Programming was something I truly enjoyed in the beginning, the potential was limitless. At least, it seemed that way at first. I believe the most enjoyment I got from programming were those days of the week where I would stay after school and write text adventures. I would say that influenced the change to writing, but it was really after writing my first book. After my first book was finished a long time passed without writing, but the desire never left. I would say I prefer writing stories more than programs. Programming certainly has its limits, but imagination doesn’t.
3. Who is your favorite writer and why?
It’s hard to say which books I enjoyed most, but certainly my favourite and most inspirational to me is Derek Landy. His books went from off-putting to shocking and I loved that. You could tell that he was writing what he wanted to read and that is probably why he did so well.
On top of that, he had the opportunity to accept a movie, but turned it down when he saw the proposed script; it just didn’t do his work justice. That is love for your work in bold letters and I plan on offering the same level of respect to my own writing.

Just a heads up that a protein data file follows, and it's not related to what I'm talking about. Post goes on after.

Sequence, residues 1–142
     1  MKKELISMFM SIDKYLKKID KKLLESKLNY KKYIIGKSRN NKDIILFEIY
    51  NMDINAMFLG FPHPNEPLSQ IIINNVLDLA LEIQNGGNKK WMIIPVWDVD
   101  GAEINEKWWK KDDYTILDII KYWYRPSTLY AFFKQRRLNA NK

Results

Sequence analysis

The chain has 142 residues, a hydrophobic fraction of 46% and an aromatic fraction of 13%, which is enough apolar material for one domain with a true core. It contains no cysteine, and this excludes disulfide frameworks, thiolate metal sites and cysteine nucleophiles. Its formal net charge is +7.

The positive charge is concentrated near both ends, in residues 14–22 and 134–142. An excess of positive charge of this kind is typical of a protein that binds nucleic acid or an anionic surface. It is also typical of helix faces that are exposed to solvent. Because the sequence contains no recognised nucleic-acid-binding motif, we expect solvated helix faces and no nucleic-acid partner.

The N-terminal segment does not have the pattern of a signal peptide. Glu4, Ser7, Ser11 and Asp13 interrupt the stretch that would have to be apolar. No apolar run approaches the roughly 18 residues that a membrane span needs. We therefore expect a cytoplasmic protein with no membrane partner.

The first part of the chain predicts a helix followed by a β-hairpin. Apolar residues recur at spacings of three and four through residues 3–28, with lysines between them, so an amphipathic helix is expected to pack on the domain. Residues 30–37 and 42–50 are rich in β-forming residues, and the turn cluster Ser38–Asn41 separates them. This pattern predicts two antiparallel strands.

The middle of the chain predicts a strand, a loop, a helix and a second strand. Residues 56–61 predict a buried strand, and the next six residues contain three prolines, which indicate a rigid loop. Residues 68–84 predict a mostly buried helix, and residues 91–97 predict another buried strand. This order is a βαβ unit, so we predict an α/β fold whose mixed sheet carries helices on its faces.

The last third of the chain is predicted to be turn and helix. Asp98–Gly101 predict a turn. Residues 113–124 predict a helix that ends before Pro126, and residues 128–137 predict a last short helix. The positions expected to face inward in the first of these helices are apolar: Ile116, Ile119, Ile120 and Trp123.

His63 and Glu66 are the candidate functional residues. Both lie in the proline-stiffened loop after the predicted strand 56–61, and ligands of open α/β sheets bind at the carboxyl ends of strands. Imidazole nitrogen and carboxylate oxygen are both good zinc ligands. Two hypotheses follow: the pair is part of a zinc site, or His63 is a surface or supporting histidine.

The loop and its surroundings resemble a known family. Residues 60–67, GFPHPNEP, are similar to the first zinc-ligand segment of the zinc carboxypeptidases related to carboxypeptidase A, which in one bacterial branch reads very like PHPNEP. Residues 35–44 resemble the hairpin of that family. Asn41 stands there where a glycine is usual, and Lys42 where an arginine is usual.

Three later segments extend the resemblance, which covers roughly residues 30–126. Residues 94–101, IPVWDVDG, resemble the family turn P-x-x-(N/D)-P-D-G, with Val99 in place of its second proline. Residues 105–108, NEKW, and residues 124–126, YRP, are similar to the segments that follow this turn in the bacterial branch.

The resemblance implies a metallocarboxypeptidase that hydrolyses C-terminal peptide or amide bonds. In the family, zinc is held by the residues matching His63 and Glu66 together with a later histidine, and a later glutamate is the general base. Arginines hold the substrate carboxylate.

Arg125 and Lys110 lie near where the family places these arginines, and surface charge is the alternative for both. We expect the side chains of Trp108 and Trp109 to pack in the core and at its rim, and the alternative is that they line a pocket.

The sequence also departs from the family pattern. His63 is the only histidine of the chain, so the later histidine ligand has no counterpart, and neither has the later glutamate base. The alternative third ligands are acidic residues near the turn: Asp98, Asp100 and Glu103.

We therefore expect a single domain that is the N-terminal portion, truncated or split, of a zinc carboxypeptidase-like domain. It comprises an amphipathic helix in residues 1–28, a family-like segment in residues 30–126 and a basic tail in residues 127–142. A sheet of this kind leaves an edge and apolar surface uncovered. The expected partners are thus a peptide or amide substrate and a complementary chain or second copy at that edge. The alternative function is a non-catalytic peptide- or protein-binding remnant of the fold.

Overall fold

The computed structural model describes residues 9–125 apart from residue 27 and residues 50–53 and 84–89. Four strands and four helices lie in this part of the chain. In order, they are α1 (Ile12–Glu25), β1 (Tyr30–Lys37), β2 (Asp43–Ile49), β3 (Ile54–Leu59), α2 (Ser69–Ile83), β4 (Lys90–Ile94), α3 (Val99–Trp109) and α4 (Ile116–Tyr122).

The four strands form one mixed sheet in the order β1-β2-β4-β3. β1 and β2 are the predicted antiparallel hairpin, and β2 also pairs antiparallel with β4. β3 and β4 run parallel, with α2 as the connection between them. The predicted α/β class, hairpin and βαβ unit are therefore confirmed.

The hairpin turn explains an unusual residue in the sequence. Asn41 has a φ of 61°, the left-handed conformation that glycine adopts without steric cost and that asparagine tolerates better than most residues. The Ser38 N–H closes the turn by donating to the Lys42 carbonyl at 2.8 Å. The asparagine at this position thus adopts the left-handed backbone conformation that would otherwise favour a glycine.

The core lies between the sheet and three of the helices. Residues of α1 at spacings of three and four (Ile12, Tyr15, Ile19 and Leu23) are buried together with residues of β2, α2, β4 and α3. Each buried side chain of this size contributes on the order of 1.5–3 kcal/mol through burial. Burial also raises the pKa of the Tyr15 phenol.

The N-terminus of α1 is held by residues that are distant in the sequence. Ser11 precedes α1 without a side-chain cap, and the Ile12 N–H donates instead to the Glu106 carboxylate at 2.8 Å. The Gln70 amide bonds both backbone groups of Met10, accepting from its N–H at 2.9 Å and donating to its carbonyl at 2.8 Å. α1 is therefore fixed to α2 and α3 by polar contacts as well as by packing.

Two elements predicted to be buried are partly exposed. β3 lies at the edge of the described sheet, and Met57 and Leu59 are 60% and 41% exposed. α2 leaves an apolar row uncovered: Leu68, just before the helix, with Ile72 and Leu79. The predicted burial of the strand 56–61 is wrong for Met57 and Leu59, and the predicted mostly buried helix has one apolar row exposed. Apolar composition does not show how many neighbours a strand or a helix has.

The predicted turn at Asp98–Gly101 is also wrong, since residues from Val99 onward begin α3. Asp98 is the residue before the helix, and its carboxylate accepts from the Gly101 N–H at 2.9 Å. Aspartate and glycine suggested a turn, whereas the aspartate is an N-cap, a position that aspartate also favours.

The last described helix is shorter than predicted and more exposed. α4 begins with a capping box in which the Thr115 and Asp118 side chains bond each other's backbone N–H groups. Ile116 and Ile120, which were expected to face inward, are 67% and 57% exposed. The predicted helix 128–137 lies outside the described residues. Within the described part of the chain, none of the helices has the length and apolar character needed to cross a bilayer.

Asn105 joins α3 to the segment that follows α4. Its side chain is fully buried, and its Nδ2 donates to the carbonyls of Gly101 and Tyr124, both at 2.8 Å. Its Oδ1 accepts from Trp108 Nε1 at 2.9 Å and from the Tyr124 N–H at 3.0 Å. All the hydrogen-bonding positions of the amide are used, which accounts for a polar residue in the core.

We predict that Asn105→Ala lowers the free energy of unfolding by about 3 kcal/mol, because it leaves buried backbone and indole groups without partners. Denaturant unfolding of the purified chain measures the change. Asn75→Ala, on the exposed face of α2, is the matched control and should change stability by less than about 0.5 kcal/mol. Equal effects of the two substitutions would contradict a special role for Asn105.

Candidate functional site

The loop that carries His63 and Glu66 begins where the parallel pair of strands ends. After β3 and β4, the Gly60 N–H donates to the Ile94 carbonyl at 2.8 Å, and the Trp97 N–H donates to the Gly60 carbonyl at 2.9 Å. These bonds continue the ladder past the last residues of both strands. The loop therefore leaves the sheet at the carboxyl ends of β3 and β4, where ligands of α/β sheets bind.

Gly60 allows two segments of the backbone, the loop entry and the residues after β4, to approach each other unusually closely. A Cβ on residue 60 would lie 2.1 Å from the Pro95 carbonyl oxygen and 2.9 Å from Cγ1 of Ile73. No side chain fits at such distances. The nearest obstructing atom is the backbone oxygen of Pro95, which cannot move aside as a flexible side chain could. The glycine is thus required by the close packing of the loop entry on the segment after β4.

4. Writing must take discipline and focus to succeed. Do you see yourself as particularly disciplined?
There are certainly many distractions when it comes to writing, so absolutely it requires some willpower to work at it. I wouldn’t say I’ve mastered the human emotions that sway me into doing something else, but ensure that I spend ample time writing everyday.
5. You are writing a short story a day for a year and have already written over two hundred. Why this project?
It first began as simple blogging. Writing stories on my website at leisure. Certainly not everyday, nor as long as the ones I write now. After this many reasons banded together in my mind and formed into a challenge. Write a short story, every day of a thousand words minimum. By writing everyday I challenged my imagination and developed a habit of writing. Having a word limit has pushed me to write something with more effort and if I ever found myself writing far more than that limit, I knew I was onto something. Many of the novels I have planned and are currently writing are inspired by those short stories that I couldn’t leave alone.